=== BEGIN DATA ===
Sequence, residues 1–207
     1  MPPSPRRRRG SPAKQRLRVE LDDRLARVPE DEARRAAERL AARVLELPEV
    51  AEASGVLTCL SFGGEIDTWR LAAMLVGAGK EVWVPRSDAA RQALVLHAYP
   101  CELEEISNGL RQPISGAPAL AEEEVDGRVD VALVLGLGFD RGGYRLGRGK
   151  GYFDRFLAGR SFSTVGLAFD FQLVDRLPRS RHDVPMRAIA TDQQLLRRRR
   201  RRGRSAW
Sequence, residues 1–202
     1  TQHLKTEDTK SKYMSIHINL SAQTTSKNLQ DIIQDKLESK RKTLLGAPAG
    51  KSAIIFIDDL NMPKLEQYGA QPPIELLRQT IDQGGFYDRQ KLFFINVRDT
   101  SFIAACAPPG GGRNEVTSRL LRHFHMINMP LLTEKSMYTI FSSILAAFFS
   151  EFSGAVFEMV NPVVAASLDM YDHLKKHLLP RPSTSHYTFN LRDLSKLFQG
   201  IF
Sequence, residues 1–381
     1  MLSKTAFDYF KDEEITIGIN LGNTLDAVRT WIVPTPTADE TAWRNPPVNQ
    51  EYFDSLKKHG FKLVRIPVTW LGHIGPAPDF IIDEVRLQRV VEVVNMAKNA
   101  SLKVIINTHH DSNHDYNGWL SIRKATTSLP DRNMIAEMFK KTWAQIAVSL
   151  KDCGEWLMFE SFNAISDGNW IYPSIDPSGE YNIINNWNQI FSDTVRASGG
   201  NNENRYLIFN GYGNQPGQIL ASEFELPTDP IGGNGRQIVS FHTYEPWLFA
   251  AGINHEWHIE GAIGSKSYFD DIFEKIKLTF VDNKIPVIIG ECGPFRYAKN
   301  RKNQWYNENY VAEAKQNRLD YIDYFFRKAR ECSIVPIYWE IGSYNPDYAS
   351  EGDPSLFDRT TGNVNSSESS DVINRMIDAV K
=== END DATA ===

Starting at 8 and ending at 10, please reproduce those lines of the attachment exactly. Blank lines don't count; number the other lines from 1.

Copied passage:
     1  TQHLKTEDTK SKYMSIHINL SAQTTSKNLQ DIIQDKLESK RKTLLGAPAG
    51  KSAIIFIDDL NMPKLEQYGA QPPIELLRQT IDQGGFYDRQ KLFFINVRDT
   101  SFIAACAPPG GGRNEVTSRL LRHFHMINMP LLTEKSMYTI FSSILAAFFS